The Traveler

Soong’s failure to stop the Europa Mission launch is just the tip of the iceberg. His daughter, Kore, has an additional surprise: she has deleted all the files of research and projects for his life’s worth (except a set of paper for “Project Khan”). His legacy has ended. Kore’s, however, is just beginning. And in a surprise that still has me reeling, Kore meets Wesley Crusher and is invited to be a Traveler. 

Photo Credit: Paramount+

I’ll admit, I had to stop the show and restart this sequence because I was so surprised at what I was seeing. Until now, the Picard creative staff has resisted the urge to use cameo appearances. The use of legacy characters has been seldom, and when done, it has served the interest of the story, more or less.

I can’t say that about the Wesley appearance. The entire scene felt out of place, and I’m not sure it landed for me because I’m not sure what purpose the Kore character has in the larger ethos of this story. Part of this might be rooted in the fact that Soji, a character we spent an entire season exploring and learning about, was given one scene in the entire season. I think a character of that magnitude deserved a proper sendoff, and didn’t get one. This whole sequence was odd, and sadly didn’t land for me.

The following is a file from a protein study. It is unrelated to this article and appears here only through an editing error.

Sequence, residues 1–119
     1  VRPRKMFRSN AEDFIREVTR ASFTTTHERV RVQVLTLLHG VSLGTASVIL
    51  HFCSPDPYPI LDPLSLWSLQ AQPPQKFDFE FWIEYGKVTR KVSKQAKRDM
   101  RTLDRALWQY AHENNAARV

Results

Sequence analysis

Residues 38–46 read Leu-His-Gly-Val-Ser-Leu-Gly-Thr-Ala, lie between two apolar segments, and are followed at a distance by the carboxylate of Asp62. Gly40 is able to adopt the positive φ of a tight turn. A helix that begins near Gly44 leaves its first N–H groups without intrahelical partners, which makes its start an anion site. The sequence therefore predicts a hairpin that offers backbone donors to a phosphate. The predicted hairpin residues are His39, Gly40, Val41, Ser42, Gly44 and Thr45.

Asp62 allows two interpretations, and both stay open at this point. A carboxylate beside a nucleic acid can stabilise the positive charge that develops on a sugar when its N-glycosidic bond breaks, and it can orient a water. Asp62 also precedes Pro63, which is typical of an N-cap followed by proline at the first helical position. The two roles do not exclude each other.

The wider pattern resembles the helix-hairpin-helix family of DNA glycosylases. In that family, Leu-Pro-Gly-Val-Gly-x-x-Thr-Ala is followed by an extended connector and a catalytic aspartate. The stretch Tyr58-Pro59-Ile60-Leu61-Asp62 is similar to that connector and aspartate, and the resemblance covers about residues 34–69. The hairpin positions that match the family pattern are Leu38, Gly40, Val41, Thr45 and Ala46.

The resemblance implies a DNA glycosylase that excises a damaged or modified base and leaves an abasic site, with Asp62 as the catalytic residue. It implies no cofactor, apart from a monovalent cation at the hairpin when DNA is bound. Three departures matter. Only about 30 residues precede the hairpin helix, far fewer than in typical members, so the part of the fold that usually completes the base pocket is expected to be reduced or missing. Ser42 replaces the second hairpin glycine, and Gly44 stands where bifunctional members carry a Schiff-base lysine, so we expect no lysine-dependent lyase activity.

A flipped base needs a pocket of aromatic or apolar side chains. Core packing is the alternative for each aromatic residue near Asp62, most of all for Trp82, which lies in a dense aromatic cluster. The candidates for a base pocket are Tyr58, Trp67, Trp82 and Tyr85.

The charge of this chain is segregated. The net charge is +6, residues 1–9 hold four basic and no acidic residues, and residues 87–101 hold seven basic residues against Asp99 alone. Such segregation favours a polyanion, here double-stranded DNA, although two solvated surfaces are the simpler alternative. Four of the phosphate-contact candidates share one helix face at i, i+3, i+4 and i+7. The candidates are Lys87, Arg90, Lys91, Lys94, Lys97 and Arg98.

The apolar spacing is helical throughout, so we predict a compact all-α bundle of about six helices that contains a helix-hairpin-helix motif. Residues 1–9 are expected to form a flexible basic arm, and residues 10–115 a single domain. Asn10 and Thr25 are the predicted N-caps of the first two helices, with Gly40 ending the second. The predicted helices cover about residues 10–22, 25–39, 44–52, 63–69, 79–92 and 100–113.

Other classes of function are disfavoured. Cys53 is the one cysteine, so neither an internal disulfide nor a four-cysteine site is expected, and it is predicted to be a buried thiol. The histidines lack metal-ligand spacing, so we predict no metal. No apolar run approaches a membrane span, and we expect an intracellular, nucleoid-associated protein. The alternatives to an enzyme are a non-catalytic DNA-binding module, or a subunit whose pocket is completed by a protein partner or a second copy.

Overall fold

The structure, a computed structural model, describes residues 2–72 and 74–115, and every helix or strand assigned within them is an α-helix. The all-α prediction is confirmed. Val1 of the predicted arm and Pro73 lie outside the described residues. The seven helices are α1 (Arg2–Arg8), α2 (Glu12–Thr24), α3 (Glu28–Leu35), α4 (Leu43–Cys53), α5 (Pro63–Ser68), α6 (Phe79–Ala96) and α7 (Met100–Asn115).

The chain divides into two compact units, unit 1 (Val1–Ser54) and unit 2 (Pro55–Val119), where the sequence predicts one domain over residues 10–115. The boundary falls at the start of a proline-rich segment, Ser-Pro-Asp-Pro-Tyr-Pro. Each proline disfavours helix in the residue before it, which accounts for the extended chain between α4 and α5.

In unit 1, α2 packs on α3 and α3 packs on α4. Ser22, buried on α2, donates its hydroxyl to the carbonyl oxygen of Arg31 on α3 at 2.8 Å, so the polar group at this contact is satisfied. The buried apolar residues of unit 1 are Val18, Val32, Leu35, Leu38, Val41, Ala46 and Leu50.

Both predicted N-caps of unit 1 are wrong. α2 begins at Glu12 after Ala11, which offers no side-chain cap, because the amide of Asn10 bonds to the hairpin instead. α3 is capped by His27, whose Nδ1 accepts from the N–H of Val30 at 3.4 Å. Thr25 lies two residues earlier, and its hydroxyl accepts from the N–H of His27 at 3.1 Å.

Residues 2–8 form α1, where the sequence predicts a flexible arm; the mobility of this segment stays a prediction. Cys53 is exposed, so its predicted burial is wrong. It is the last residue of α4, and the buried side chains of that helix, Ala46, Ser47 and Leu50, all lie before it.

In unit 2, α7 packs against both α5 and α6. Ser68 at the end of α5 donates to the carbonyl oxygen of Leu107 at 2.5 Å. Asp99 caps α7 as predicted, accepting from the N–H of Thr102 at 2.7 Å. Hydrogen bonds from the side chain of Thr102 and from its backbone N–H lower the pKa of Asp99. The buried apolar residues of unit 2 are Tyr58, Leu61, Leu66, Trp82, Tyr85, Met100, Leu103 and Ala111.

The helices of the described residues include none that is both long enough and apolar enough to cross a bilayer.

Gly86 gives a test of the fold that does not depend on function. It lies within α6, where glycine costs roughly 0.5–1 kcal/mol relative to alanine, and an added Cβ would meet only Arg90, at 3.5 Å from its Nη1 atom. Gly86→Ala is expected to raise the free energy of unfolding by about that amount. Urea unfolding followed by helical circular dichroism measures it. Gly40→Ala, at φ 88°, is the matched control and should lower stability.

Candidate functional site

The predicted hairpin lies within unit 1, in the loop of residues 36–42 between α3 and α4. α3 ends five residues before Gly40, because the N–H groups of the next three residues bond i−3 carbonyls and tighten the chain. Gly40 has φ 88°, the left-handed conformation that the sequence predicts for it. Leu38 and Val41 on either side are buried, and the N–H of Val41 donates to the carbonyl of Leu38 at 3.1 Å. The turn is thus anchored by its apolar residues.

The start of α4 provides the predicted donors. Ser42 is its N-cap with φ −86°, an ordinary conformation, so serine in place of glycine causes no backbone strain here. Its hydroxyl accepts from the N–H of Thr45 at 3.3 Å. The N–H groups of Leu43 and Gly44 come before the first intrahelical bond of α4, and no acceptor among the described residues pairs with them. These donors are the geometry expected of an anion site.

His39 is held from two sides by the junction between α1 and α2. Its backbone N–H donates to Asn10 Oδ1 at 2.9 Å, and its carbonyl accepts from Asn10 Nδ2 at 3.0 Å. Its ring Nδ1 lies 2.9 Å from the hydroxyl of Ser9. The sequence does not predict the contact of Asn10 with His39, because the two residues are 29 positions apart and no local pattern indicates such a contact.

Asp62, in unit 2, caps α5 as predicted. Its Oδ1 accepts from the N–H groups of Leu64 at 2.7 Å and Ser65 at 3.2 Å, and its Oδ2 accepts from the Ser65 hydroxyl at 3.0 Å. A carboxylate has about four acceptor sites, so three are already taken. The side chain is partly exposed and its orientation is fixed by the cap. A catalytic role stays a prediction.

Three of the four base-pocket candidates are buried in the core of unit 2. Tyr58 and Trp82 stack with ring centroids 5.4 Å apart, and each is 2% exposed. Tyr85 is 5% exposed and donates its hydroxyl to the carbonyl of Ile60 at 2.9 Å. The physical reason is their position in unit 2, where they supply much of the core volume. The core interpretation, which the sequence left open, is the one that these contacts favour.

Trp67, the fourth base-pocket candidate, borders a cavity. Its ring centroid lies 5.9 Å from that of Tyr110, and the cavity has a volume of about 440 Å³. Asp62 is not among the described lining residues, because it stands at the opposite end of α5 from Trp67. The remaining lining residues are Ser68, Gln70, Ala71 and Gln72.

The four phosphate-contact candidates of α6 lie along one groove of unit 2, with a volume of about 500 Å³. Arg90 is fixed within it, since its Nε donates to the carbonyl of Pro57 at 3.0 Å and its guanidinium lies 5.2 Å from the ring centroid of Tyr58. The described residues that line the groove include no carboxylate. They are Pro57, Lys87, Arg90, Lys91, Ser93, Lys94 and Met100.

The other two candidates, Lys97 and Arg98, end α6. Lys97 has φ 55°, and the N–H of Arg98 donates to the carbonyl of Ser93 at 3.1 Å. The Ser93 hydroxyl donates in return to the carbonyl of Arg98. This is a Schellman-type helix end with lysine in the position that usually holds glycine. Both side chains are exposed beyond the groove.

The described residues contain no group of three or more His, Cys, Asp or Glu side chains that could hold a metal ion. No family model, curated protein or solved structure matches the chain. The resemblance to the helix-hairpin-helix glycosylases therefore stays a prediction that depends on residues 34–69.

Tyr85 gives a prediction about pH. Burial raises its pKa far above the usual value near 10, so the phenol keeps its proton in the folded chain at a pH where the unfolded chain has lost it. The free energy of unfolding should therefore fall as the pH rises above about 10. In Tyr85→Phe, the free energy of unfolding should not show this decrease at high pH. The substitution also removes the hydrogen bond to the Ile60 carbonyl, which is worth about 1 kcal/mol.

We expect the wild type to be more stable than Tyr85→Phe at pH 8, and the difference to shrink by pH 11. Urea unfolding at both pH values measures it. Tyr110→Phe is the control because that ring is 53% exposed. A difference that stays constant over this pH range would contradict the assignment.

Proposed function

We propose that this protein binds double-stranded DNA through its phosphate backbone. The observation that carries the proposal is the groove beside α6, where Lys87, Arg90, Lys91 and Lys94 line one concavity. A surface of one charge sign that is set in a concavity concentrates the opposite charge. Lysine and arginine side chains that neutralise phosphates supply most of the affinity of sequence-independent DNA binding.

Know Thyself

With the Europa Mission saved, Picard and crew have completed their mission. All the missteps appear to have been minor, as the future has been saved. But with La Sirena gone, the crew has no way home. They prepare to live their lives in the 21st Century.

Photo Credit: Nicole Wilder/Paramount+

Picard takes the key to the door that has haunted him his entire life, and places it back where he will one day find it as a child. A “bravo” fills the chateau, and we finally have the meeting between Picard and Q. They sit, facing each other. Q reveals what Picard already knows, that he is dying. And he is dying alone. With Picard in the last stages of his life, Q does not want the same for his dear Jean-Luc.

Q’s actions in the season opener saved Picard from his death on the Stargazer. Q interfered and created the alternate reality as a means of saving Picard, and allowing him to explore the aspects of himself that have held him back. We’ve seen Q act this way before, particularly in “Tapestry”. But so often when Q shows up for Picard, it’s because Picard must do something.